All talks about legacies of white supremacy must be tied to empowering the lives of poor and working people as a whole. The black agenda - from Frederick Douglas to A. Philip Randolph, Martin Luther King Jr, Fannie Lou Hammer to Ella Baker - has always been tied to race talk inseparable from expanding possibilities of democracy, expanding empowerment of everyday people.
In a time in which Communist regimes have been rightfully discredited and yet alternatives to neoliberal capitalist societies are unwisely dismissed, I defend the fundamental claim of Marxist theory: there must be countervailing forces that defend people's needs against the brutality of profit driven capitalism.
What does it really mean to be a leftist in the early part of the 21st century? What are we really talking about? And I can just be very candid with you. It means to have a certain kind of temperament, to make certain kinds of political and ethical choices, and to exercise certain analytical focuses in targeting on the catastrophic and the monstrous, the scandalous, the traumatic, that are often hidden and concealed in the deodorized and manicured discourses of the mainstream. That's what it means to be a leftist. So let's just be clear about it.
The right wing can use anything, and we have to make it very clear and I make it very clear that my love for the president in terms of protecting him and respecting him but also correcting, now all three of those are crucial, and if I can do all three, then the right wing can use it whatever they want, and I'm just clear where I stand, over against them but also critical when the president leans toward the strong, rather than the weak.
I want to be a jazzman until the day I die. To help keep that motion, momentum and movement going, for myself, for my students, for the people who hear me. Oh sure, some days you look around at this country and look at the evidence and think, Oh Lord, don't look good. But you keep moving. You gotta keep moving.
When ordinary people wake up, elites begin to tremble in their boots. They can't get away with their abuse. They can't get away with subjection. They can't get away with subjugation. They can't get away with exploitation. They can't get away with domination. It takes courage for folk to stand up.
It's just that the churches have been sleeping for a long time. A lot of people argue that the churches are even dead. I don't believe they're dead, but they've been sleeping, but they, I hope, will wake up, and that's one of my tasks is to make sure they wake up as much as they do before I die.
I believe that all of us have gangster proclivities and greedy orientations that need accountability. That's why democracies are necessary. We have to have institutions to try to curtail the use of arbitrary power so that our greedy orientations and gangster-like proclivities don't get out of hand.
I'm a Christian. I believe that greatness has to do with the quality of love shown to the least of thy brethren and the quality of service to those who are catching hell. When you look at it in that sense, I'd say America has had great moments, but I wouldn't call it a great nation. I don't think there have been any great nations in the history of the world, because in every nation you find poor people being subjugated. So, I see the term "great nation" as a contradiction, as an oxymoron.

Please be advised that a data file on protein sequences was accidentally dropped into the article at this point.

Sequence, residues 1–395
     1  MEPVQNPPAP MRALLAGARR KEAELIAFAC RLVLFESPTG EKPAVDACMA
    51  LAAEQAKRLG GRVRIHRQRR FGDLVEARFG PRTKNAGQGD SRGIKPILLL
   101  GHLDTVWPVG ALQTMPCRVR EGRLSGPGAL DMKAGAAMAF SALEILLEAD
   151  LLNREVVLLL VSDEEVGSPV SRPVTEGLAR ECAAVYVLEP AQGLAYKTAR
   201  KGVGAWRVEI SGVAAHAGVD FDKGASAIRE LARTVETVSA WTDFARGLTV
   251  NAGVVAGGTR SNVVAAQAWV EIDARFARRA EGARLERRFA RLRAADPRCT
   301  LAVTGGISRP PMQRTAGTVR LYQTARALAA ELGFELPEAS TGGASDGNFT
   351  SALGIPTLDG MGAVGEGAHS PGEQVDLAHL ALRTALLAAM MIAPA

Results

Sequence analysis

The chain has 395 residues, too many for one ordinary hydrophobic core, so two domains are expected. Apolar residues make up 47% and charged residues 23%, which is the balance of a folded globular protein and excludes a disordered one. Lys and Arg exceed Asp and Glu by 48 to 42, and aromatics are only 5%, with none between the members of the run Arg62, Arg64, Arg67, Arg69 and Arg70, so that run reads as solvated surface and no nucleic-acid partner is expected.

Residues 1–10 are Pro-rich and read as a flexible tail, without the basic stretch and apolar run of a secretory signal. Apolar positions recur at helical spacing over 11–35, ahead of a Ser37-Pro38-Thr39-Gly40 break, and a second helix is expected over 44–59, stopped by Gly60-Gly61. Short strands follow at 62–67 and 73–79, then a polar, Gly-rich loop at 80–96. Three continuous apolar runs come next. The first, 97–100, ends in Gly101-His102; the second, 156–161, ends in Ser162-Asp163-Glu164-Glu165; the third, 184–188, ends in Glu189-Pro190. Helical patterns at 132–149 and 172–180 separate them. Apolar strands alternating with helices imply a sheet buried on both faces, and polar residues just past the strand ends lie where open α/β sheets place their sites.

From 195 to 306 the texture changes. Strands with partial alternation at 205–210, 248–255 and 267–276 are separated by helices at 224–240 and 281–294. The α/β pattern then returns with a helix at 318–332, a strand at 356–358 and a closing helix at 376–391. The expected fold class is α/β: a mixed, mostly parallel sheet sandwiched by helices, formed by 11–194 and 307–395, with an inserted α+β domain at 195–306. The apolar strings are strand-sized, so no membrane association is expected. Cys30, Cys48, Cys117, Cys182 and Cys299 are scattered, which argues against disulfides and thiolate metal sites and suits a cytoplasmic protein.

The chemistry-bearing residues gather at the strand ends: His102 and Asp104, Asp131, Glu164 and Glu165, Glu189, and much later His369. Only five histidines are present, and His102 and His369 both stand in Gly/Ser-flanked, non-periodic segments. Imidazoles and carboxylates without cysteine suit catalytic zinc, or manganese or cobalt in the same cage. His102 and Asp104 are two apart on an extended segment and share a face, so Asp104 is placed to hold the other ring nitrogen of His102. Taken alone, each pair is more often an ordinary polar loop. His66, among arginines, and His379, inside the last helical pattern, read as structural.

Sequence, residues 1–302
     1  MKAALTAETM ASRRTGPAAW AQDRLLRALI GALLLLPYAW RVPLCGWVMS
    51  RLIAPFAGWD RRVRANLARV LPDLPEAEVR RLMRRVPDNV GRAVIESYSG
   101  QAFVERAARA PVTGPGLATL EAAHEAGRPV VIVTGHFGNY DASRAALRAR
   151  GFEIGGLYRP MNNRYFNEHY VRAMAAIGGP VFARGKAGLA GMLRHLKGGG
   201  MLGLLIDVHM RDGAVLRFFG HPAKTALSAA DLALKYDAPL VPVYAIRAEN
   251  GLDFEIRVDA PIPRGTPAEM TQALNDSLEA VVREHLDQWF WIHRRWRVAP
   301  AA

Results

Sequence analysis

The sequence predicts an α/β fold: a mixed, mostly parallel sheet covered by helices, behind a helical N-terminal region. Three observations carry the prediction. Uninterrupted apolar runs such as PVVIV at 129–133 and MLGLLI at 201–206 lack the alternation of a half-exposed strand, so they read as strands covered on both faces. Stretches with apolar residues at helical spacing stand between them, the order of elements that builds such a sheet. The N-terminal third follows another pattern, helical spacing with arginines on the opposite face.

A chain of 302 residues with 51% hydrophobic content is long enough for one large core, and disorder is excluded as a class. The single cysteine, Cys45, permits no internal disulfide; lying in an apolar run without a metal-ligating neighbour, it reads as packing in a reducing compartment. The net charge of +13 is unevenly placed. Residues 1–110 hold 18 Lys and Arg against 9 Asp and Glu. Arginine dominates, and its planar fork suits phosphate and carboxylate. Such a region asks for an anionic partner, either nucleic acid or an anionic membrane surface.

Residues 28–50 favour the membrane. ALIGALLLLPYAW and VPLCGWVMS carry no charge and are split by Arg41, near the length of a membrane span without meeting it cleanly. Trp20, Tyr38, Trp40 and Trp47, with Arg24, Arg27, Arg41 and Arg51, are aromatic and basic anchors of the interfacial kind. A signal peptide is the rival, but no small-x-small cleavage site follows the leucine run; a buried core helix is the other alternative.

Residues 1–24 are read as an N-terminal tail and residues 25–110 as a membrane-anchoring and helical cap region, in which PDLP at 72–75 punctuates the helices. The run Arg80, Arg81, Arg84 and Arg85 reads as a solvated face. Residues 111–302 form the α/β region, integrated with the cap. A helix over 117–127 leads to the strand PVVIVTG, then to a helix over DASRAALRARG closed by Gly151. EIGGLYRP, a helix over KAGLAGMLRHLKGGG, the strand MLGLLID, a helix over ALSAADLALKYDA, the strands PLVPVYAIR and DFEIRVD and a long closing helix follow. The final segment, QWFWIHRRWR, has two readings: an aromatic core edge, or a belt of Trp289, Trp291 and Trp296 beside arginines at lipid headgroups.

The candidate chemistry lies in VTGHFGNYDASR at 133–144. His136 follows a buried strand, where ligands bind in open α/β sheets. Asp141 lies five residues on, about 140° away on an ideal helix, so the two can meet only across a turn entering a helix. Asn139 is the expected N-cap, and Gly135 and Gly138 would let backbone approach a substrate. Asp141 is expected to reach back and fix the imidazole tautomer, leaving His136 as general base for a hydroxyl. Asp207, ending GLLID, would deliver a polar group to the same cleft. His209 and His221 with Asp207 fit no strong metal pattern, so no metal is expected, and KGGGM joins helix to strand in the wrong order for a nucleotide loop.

I'm not pessimistic, because poor people tend to bounce back. We've been through worse than this - working people been through worse than this. We've got slavery and Jim Crow. We've got workers with no rights up until `35. We're going to bounce back. We are resilient, resisting people. So, it's not pessimism, but it is blues-like. It's not optimistic. We're just prisoners of hope, that's all.
I was a gangster when I was young. I had a Robin Hood mentality and tended to always want to support the weak against the strong, but sometimes it was cohesive and I really needed to fall in love with the power of education to find the right venue to express my rage. I still have a righteous indignation at injustice, no matter what form it takes.
Like Richard Ellmann on James Joyce, Arnold Rampersad on Ralph Ellison is in a class of its own. His masterful and magisterial book is the most powerful and profound treatment of Ellison's undeniable artistic genius, deep personal flaws, and controversial political evolution. And he reveals an Ellison unbeknownst to all of us. From now on, all serious scholarship on Ellison must begin with Rampersad's instant and inimitable classic in literary biography.
But black folks have never really been optimists. We've been prisoners of hope, and hope is qualitatively different from optimism in the way that there's a difference between The Blues and Lawrence Welk. The Blues and Jazz have to do with hope while the other is sugarcoated music which has to do with sentimental optimism.
I grew up in traditional black patriarchal culture and there is no doubt that I’m going to take a great many unconscious, but present, patriarchal complicities to the grave because it so deeply ensconced in how I look at the world. Therefore, very much like alcoholism, drug addiction, or racism patriarchy is a disease and we are in perennial recovery and relapse. So you have to get up every morning and struggle against it.